Protests and the meaning of clothes in Mali


Mali junta leader Captain Amadou Sanogo speaks at the Kati Military camp, in a suburb of Bamako, on March 22, 2012. The coup leader said he is the head of the National Committee for the Establishment of Democracy, said his move was prompted by government's "inability" to put down a Tuareg-led insurrection in the north.


Habibou Kouyate

Not shooting anyone is a good start if you've recently carried out a coup and installed yourself as leader of the country and are now facing the first-ever protest of your rule just days later. In that respect then Captain Amadou Sanogo is doing well. In every other aspect, less so.

Monday's protest in front of the Bamako stock exchange was small and ineffectual but proves that not everyone is willing to let the coup slide into normality. 

More from GlobalPost: Mali coup: country slowly returns to ordinary life

The March was held on a national holiday, ironically the one to celebrate the 1991 coup that brought ousted President Amadou Toumani Toure to power. His whereabouts are still unclear.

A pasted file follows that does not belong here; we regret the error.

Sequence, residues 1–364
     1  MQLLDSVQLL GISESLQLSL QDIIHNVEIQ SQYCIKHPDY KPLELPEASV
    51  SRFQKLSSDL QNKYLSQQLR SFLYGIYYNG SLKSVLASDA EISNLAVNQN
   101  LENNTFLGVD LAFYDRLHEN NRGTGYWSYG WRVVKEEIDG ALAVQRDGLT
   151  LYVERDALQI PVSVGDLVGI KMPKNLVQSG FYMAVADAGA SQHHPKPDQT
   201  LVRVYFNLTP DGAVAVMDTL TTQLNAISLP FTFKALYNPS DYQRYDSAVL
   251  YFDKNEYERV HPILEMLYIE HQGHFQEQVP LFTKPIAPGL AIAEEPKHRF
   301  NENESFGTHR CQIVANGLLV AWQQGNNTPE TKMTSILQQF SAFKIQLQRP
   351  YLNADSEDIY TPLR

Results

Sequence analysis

A portrait of Mali's new leader is gradually coming into focus and he has been giving interviews to journalists insisting that he really is in charge after what looked a lot like an accidental coup. One report describes him as "a ladies man with several children who likes a good party, football and sports."

Embarrassingly for Washington, Cpt. Sanogo has received training from US forces (on Monday the US suspended up to $70 million in aid to Mali). He has also, it seems, taken to donning traditional garb beneath his soldier's uniform to broadcast his power and ward off would-be attackers, mystical or corporeal, according to anthropologist Bruce Whitehouse.